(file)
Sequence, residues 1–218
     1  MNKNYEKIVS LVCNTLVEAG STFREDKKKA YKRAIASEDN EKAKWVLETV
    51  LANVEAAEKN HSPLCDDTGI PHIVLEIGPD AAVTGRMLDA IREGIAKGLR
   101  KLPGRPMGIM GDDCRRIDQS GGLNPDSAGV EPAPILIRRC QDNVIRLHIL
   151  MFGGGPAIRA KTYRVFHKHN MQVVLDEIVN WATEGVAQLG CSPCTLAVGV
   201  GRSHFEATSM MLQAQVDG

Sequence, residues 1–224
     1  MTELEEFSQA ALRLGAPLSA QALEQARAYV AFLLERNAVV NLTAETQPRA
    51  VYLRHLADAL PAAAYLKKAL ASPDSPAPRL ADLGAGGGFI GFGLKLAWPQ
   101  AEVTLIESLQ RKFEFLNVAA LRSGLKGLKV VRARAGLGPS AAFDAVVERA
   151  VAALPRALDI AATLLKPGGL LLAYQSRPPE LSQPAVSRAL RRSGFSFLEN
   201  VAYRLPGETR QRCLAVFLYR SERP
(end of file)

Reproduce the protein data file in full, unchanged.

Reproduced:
Sequence, residues 1–218
     1  MNKNYEKIVS LVCNTLVEAG STFREDKKKA YKRAIASEDN EKAKWVLETV
    51  LANVEAAEKN HSPLCDDTGI PHIVLEIGPD AAVTGRMLDA IREGIAKGLR
   101  KLPGRPMGIM GDDCRRIDQS GGLNPDSAGV EPAPILIRRC QDNVIRLHIL
   151  MFGGGPAIRA KTYRVFHKHN MQVVLDEIVN WATEGVAQLG CSPCTLAVGV
   201  GRSHFEATSM MLQAQVDG

Sequence, residues 1–224
     1  MTELEEFSQA ALRLGAPLSA QALEQARAYV AFLLERNAVV NLTAETQPRA
    51  VYLRHLADAL PAAAYLKKAL ASPDSPAPRL ADLGAGGGFI GFGLKLAWPQ
   101  AEVTLIESLQ RKFEFLNVAA LRSGLKGLKV VRARAGLGPS AAFDAVVERA
   151  VAALPRALDI AATLLKPGGL LLAYQSRPPE LSQPAVSRAL RRSGFSFLEN
   201  VAYRLPGETR QRCLAVFLYR SERP